The Covid-19 lockdown has led to so many challenges across Scotland, but many CRNS members have been responding strongly to these needs.  Despite facing an almost overnight loss of trading income many community resources organisations have been pivoting their efforts to support those who are isolated or are particularly vulnerable during the Covid-19 lockdown.

In this new series of Lockdown Conversations, our CEO Michael speaks to some CRNS members about how they have been supporting their communities through this difficult time.

First up, Steph from the Edinburgh Remakery.



Who are Edinburgh Remakery?

The Remakery are an environmental social enterprise based in the Leith area of Edinburgh.  They are committed to reducing waste and preventing pollution by teaching repair and reuse skills.  They also take in unwanted reusable second hand goods and repair and refurbish them and sell them on to generate an income or give them to people who cannot afford them.


What was the impact of Covid-19 on the Remakery?

The lockdown caused the Remakery to shut down all their trading income streams at the end of March.  However it also provided an opportunity to re-evaluate everything they were doing and focus on what was most important.

As a team they were able to consider how they could support the most vulnerable in their community.  A clear need was identified whereby vulnerable individuals and groups were unable to access much needed information online.  This resulted in them being cut off from online healthcare, employment opportunities, education or even the news.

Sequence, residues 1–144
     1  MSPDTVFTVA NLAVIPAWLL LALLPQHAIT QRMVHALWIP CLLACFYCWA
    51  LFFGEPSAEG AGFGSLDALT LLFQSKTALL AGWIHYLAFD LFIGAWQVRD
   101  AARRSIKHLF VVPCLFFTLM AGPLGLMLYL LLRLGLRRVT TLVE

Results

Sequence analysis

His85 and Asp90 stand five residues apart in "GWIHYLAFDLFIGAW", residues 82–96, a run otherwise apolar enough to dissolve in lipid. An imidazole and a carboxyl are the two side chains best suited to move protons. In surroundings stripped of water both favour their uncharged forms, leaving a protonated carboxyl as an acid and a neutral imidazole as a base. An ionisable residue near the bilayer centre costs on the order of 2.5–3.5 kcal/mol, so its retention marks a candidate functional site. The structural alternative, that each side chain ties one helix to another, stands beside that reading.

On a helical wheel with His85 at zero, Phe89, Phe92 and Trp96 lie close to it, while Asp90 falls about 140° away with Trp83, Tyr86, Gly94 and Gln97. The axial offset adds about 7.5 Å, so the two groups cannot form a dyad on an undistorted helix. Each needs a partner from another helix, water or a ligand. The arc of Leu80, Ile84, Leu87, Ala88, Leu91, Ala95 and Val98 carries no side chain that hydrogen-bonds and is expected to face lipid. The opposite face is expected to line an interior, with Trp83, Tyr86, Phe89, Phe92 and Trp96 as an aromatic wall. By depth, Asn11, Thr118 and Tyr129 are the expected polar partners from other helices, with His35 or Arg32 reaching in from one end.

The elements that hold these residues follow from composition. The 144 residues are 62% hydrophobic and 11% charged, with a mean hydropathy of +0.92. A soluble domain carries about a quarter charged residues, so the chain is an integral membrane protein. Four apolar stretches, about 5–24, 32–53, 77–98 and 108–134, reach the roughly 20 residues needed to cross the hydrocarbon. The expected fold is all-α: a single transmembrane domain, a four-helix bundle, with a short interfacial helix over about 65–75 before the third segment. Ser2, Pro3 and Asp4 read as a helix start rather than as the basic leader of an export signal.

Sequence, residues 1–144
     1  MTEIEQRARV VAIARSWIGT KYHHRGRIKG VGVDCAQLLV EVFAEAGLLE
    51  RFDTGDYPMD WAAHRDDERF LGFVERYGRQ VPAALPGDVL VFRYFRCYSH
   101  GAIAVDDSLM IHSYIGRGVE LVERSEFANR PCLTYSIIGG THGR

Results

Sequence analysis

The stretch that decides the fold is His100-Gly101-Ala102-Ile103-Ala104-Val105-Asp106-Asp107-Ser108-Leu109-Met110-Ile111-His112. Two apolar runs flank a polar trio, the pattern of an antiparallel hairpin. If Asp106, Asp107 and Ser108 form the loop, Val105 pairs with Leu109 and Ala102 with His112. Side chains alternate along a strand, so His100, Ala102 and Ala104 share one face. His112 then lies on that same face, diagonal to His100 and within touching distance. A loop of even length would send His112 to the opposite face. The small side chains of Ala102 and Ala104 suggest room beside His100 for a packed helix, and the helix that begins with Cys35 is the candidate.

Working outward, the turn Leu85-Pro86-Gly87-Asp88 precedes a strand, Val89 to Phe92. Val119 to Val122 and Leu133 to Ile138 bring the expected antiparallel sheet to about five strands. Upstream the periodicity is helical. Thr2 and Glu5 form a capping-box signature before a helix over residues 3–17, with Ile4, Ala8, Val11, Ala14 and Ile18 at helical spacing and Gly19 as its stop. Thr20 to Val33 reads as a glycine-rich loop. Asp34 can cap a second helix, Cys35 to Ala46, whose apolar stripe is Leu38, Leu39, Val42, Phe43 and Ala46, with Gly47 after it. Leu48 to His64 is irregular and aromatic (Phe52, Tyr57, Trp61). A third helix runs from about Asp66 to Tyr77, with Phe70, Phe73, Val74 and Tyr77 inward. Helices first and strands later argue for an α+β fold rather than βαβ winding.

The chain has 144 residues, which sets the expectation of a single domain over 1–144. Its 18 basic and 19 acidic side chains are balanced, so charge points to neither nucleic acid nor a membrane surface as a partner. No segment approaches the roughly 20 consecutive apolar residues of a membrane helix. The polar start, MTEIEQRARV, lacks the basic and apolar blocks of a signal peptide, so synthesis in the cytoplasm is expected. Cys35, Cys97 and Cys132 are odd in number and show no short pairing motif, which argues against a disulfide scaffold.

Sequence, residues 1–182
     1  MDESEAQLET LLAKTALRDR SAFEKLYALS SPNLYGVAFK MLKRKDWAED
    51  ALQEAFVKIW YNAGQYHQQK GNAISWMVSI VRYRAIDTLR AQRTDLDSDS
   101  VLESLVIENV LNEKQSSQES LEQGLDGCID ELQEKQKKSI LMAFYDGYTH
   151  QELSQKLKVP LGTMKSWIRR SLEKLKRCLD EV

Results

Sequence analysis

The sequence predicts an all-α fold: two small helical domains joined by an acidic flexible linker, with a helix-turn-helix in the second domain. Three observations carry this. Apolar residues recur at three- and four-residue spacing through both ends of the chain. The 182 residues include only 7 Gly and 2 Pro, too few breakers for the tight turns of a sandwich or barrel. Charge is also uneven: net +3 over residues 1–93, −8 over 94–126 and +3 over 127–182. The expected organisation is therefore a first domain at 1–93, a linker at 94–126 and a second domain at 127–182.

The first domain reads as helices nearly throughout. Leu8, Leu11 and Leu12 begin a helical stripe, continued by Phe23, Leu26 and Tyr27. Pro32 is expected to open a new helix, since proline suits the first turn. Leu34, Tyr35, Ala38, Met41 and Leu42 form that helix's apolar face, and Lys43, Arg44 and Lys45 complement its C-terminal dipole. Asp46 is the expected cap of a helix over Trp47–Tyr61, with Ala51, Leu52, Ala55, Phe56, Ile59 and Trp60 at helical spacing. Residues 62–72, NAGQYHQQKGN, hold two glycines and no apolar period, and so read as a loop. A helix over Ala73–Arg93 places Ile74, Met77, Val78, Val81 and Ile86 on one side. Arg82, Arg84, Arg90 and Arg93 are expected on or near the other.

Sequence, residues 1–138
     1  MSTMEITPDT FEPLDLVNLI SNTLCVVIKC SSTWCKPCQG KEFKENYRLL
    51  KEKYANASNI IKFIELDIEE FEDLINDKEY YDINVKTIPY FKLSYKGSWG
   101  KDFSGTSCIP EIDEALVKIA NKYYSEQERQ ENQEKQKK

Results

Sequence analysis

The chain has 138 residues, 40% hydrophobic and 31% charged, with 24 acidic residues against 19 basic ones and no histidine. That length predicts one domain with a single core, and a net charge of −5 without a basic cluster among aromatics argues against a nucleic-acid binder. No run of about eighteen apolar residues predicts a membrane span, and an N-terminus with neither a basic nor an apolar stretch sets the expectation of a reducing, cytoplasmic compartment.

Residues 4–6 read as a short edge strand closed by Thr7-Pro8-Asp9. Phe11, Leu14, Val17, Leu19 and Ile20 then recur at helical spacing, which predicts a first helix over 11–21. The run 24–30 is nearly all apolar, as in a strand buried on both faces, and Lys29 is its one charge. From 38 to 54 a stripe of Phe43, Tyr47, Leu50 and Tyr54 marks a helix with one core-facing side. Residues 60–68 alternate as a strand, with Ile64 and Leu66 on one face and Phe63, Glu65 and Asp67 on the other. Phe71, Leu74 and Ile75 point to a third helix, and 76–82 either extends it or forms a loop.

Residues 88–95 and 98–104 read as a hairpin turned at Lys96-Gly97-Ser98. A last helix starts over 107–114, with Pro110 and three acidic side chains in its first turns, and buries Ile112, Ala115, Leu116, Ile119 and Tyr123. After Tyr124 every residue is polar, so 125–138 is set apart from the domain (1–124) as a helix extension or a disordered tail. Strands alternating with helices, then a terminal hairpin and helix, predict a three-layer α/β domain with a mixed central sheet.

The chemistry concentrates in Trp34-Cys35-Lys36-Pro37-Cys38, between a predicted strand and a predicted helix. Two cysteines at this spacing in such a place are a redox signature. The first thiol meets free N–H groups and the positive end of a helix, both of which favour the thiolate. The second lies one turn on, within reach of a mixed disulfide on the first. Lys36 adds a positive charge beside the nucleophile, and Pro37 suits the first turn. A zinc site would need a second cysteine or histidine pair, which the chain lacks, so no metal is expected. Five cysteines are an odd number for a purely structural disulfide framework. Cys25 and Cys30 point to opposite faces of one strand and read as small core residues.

What was their response to isolation needs?

Because they had been refurbishing IT equipment already they were able to step up this area of work quickly bringing staff back from furlough.  They got all of their stock out to those who needed it specifically targeting those who were socially isolated and suffering from digital poverty.  They also take donations from individuals and businesses of their old IT equipment.

They have provided over 100 laptops and PCs through 20 different community organisations already.

The family that received the laptop are absolutely delighted with it.  It has made a huge difference… Educational resources are far easier to use on a laptop than on a smartphone, and they can also look at things together on the laptop screen.

Suszanne Quinan, Canongate Youth


What are the environmental benefits to this work?

Diverting waste from landfill and the resulting pollution is central to what the Remakery are all about.  E-waste is very hazardous to the environment and a lot of precious metals are lost.  So far 818 kg of e-waste have been diverted from landfill.


What is needed going forward?

We need to see more focus and funding put into repair and reuse.  Both to support the organisations that are delivering these services but also promoting this to become more mainstream among the public.

As we look beyond Covid, and focus on recovering the economy and jobs, it is vital to prioritise reuse and repair which are proven to create jobs.

Reuse and repair help not only combat the climate emergency they also contribute to the essential recovery from the Covid-19 emergency.